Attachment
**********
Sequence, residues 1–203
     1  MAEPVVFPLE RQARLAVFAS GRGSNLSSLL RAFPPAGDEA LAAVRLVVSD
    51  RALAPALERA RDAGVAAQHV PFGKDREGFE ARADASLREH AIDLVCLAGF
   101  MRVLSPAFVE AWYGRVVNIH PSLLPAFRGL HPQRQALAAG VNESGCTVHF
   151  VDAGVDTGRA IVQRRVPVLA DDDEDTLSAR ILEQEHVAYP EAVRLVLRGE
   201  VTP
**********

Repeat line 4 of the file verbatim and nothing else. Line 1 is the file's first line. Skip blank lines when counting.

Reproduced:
   101  MRVLSPAFVE AWYGRVVNIH PSLLPAFRGL HPQRQALAAG VNESGCTVHF